Professor: Dr. R.J. Rushdoony
Subject: Systematic Theology
Lesson: Circumcision

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O Lord, our God, upon whose shoulders are the government of all things, who dost make all things, dost govern all things, and who shall bring all things to their destined end. We thank thee that thou art on the throne. Give us joy in thy government, confidence in thy victory, and make us, through Jesus Christ, ever faithful, filled with a holy boldness, that we may be more than conquerors through Jesus Christ, our Lord. In his name we pray. Amen.

Our text this morning is from Genesis 17:1-14. We have been studying the doctrine of the church, beginning at the beginning of scripture, and we come now to the subject of circumcision, very important in the doctrine of the church. “And when Abram was ninety years old and nine, the Lord appeared to Abram, and said unto him, I am the Almighty God; walk before me, and be thou perfect. And I will make my covenant between me and thee, and will multiply thee exceedingly.

And Abram fell on his face: and God talked with him, saying, As for me, behold, my covenant is with thee, and thou shalt be a father of many nations. Neither shall thy name any more be called Abram, but thy name shall be Abraham; for a father of many nations have I made thee. And I will make thee exceeding fruitful, and I will make nations of thee, and kings shall come out of thee. And I will establish my covenant between me and thee and thy seed after thee in their generations for an everlasting covenant, to be a God unto thee, and to thy seed after thee. And I will give unto thee, and to thy seed after thee, the land wherein thou art a stranger, all the land of Canaan, for an everlasting possession; and I will be their God.

And God said unto Abraham, Thou shalt keep my covenant therefore, thou, and thy seed after thee in their generations. This is my covenant, which ye shall keep, between me and you and thy seed after thee; Every man child among you shall be circumcised. And ye shall circumcise the flesh of your foreskin; and it shall be a token of the covenant betwixt me and you. And he that is eight days old shall be circumcised among you, every man child in your generations, he that is born in the house, or bought with money of any stranger, which is not of thy seed. He that is born in thy house, and he that is bought with thy money, must needs be circumcised: and my covenant shall be in your flesh for an everlasting covenant. And the uncircumcised man child whose flesh of his foreskin is not circumcised, that soul shall be cut off from his people; he hath broken my covenant.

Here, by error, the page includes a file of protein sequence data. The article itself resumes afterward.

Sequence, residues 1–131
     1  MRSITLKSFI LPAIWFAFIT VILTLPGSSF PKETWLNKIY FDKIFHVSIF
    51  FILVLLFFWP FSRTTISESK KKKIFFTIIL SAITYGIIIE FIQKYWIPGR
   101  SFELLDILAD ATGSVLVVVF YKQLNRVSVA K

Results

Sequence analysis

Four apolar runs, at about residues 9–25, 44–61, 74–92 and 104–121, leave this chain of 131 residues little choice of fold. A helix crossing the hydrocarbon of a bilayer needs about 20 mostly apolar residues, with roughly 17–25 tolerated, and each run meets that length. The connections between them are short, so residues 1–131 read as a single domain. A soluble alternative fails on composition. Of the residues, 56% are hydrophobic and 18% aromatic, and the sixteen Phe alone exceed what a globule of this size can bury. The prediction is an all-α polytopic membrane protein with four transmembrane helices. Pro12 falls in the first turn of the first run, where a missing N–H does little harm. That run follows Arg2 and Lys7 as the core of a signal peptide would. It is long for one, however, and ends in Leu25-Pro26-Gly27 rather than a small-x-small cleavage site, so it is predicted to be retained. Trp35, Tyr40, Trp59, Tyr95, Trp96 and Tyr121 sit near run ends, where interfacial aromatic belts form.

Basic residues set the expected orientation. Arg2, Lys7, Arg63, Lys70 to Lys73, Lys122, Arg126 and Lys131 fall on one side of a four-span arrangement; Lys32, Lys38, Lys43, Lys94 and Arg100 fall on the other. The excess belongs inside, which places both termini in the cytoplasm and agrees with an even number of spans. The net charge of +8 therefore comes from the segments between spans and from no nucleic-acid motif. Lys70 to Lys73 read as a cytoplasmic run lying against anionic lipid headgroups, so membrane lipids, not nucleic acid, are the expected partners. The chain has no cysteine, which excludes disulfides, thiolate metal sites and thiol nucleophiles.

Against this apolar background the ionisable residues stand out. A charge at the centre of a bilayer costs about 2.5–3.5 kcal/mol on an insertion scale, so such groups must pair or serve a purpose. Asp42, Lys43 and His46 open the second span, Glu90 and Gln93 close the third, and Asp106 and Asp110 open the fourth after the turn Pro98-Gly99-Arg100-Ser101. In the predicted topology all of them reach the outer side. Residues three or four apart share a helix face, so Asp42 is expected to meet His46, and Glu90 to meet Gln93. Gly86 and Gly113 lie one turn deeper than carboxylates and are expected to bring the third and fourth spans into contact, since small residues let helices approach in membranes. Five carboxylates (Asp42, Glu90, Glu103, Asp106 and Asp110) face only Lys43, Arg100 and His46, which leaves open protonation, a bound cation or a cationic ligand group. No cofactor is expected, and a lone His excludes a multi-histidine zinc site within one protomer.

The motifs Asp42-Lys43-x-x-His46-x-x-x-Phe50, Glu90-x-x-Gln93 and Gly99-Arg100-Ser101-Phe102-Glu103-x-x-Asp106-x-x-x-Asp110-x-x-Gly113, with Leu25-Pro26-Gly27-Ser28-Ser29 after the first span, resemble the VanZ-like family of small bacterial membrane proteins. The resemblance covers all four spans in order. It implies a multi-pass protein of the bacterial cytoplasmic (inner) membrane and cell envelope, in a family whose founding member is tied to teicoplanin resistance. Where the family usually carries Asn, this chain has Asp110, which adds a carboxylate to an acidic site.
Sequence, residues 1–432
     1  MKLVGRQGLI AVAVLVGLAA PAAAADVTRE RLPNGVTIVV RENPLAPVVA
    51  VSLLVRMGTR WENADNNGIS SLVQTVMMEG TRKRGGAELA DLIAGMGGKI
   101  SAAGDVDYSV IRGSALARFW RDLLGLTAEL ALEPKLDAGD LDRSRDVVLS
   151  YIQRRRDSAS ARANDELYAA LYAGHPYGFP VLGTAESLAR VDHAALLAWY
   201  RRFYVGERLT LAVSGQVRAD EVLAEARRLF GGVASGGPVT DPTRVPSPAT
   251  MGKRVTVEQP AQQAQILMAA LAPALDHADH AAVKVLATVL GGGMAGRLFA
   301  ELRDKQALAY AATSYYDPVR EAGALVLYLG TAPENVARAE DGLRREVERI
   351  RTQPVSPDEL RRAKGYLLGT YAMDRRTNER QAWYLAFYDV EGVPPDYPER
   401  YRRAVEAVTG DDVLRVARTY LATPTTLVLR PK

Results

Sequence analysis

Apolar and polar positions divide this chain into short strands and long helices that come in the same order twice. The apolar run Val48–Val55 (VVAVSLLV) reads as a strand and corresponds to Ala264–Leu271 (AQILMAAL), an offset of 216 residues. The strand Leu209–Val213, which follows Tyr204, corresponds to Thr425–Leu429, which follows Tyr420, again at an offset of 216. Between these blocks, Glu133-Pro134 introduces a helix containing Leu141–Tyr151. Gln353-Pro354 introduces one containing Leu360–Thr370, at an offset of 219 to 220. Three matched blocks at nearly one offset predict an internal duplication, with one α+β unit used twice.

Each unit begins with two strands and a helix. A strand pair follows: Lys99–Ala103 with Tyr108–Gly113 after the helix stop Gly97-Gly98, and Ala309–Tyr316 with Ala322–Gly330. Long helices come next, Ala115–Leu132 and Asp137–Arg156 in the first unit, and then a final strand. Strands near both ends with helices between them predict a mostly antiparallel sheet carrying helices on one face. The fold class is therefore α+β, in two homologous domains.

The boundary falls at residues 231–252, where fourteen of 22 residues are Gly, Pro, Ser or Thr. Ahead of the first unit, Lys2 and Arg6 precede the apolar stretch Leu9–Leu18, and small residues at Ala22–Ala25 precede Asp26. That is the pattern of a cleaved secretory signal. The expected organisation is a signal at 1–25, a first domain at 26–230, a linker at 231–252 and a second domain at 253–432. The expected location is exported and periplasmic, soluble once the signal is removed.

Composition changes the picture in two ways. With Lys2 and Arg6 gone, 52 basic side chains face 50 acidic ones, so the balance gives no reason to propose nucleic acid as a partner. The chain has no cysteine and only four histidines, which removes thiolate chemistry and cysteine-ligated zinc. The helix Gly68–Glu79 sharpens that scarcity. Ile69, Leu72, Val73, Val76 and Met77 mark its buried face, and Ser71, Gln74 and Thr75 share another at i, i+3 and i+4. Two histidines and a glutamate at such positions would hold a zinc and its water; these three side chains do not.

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If you are going to master Covenantal Theology, you need to know who Abraham is, and his relationship to God.

Not just the story — and how many casually, contemptuously ignorant Western Christians (read, “willful, lazy forever-losers”) even know the basic outline of Abraham’s story in Genesis? — but the meaning behind the story.

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All human covenants throughout history have been marked by some external sign, by some insignia worn by the members thereof to signify that they are set apart in a particular covenant. The covenant can even involve a difference in dress. For example, in Scotland, clansmen were covenanted one to another. As a result, they began to distinguish themselves in one way after another to make their covenant visible, and finally it developed even into their garb, so that each clan had its own tartan.

Now, circumcision is the sign of the covenant. It is external but not normally visible. It is a sign to God. Only the act of circumcision is public. Circumcision is common to various cultures in various parts of history, but with a dramatic difference. No where has any anthropologist been able to find any evidence of infant circumcision. The Bible stipulates that it is to be on the eighth day. In every other culture where circumcision appears, it is performed on adults. This is an important fact, because in all these cultures where circumcision appears as a covenantal sign for a tribe, or a race, or a people, it is a voluntary sign, but infant circumcision denies the voluntary nature of man’s salvation. It is God who establishes the covenant with man. It is God who chooses us. “Ye have not chosen me, but I have chosen you, says the Lord.” A babe of eight days cannot make a choice. Thus, salvation and the covenant both are all of grace.